Directed by Henry Jaglom. Starring Henry Jaglom, Nelly Alard, Suzanne Bertish, Melissa Leo. (1992, R, 108 min.)
REVIEWED By Louis Black, Fri., Dec. 4, 1992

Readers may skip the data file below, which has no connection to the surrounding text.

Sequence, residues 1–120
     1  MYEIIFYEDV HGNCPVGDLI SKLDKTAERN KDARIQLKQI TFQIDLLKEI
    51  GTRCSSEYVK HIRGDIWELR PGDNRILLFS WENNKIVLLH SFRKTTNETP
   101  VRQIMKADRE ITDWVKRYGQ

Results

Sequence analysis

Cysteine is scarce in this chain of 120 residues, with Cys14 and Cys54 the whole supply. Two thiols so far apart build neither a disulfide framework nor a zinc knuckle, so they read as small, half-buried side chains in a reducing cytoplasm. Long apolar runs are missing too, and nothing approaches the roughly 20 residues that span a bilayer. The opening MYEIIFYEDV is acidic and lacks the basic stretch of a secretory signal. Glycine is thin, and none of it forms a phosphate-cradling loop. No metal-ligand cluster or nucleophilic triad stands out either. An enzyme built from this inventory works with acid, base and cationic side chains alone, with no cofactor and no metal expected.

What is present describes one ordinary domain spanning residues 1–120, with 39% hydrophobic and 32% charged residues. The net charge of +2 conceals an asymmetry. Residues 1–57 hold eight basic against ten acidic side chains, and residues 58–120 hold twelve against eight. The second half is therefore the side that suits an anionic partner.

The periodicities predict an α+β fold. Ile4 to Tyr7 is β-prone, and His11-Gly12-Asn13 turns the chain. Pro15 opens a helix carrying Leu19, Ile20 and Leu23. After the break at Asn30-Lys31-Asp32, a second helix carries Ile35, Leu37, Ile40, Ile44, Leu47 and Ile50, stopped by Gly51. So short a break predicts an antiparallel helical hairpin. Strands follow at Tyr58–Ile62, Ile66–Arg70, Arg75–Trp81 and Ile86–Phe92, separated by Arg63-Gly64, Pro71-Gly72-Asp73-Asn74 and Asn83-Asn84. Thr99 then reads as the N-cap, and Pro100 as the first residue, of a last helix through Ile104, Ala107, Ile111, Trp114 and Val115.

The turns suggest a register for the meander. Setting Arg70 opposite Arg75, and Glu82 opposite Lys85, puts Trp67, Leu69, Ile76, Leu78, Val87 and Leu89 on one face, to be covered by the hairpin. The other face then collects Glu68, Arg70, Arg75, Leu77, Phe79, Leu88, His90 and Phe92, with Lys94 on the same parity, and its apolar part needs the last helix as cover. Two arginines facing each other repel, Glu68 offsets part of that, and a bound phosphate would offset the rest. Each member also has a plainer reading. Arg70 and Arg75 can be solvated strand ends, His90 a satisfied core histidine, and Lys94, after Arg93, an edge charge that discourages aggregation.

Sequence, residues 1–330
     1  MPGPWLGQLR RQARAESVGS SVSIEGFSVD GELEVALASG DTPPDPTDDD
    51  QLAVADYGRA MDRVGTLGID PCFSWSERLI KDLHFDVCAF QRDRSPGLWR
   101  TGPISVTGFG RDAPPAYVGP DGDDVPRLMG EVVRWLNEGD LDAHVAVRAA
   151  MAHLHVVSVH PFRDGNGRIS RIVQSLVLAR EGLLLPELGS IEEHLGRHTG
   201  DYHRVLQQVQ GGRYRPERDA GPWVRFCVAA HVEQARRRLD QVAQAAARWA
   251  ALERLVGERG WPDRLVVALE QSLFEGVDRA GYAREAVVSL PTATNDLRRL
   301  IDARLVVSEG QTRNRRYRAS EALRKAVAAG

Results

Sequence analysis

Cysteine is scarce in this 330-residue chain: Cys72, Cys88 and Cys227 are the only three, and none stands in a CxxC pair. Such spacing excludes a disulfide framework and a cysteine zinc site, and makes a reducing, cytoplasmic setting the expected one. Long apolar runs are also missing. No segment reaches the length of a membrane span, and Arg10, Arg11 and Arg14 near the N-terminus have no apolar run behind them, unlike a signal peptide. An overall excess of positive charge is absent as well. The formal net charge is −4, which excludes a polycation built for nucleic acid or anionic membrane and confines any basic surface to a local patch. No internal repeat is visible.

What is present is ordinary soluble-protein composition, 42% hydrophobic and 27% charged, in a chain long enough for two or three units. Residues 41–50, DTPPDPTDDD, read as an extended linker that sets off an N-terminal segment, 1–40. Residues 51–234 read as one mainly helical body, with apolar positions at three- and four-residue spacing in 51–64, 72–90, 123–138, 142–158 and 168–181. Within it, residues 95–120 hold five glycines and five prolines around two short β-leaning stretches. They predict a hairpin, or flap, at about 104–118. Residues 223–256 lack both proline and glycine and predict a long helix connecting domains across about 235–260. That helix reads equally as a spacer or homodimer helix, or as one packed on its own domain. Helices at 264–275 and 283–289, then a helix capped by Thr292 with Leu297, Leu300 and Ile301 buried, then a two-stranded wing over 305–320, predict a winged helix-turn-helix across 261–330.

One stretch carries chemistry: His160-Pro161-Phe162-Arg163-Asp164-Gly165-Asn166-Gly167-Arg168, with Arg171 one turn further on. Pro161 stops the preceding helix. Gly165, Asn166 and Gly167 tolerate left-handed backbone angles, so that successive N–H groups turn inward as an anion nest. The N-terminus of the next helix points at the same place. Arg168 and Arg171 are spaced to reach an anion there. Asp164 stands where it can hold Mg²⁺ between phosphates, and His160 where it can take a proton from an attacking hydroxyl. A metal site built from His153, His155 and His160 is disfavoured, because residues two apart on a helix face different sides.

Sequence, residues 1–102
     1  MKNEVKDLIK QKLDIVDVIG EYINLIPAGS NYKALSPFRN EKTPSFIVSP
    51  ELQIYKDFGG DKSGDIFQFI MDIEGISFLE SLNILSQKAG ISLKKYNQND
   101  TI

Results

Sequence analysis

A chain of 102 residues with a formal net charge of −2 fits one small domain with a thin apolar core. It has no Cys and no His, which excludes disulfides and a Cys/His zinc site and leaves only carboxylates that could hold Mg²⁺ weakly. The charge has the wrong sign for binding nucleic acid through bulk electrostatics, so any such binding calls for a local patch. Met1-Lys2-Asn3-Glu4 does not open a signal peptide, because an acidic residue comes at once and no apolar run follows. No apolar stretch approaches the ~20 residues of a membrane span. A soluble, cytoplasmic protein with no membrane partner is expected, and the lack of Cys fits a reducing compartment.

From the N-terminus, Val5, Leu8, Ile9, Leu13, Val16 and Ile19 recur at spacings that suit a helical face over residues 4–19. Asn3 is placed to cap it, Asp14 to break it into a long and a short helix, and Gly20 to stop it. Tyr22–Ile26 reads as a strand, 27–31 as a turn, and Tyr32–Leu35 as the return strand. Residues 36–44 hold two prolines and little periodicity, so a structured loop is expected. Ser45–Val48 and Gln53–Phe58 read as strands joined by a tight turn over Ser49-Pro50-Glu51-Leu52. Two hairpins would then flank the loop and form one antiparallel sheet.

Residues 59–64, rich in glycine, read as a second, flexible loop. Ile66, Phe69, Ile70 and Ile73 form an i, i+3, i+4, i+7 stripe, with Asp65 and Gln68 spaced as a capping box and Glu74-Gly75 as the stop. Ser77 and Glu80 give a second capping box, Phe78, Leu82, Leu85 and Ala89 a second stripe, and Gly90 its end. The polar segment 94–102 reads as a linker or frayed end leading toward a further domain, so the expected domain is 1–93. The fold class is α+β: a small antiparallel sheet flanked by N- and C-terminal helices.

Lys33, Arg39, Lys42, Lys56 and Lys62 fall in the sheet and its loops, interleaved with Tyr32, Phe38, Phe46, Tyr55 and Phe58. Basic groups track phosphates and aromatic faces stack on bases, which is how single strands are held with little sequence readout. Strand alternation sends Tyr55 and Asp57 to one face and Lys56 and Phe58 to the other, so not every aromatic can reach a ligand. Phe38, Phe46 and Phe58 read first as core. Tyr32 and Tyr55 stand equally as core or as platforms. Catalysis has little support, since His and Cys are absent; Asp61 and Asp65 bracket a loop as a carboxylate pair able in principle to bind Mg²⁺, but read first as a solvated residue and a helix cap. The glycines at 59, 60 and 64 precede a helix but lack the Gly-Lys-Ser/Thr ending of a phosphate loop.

From Venice, Italy, where independent filmmaker Dean (Jaglom) has his newest work in competition at the Film Festival (and where he meets, romances and loses French journalist Jeanne (Alard) to Venice, California where Alard mysteriously reappears and Dean casts a movie, Venice/Venice is a Möbius strip that wraps around its maker, Henry Jaglom. Since his audacious debut as a director with the problematic A Safe Place in 1971, Jaglom has charted an idiosyncratic career managing to turn out eight extremely personal films -- four of them in the last five years -- and finally mastering the business end by raising his money in Europe where he is more popular. Jaglom's narcissism is undeniable, and though this film has a fictional plot, with a lot of clever twists, it basically is another self-examination. Jaglom is not for everyone; his are extremely indulgent, sentimental works that feature Jaglom as the unlikeliest romantic hero since Woody Allen. The difference is that Allen still entertains, participating in the construction of fictions, playing a character, even though the character is clearly autobiographical. Jaglom goes further. He allows you the luxury of not liking him. Venice/Venice (it's hard to talk about much of his work as separate films) is perhaps the smartest home movie ever made, or maybe that it is a Hollywood-ized home movie. In a Return of the Secaucus 7--way, we feel we know and that we are these people and yet it is a film, not reality. The narrative is intercut with short talking head snippets of women talking about their relationships with the myth of movies and the reality of their own lives. Even though Jaglom defends his obsession with women (his recent films have tended to feature Jaglom and a large cast of women), he still comes off as exploitative and fawning, as though he's always looking for love, looking for a mommy to tell him things are okay. But the strength of his films is that you can have a complex attitude towards Jaglom. Surprisingly, for a film where talk is so crucial, (and this film is an intellectual, romantic and narrative exploration fueled by talk), he is a remarkably cinematic director. Jaglom wants us to confront the way we watch movies which is the way we think, the way we dream and the way we love. The great failure in Jaglom's world is one of communication, and usually that's because we know as little about ourselves as we do about others. Jaglom's extraordinary exploration of self, involves us in his life as a complex and contradictory, emotional and intellectual whole that is both cloying and revealing.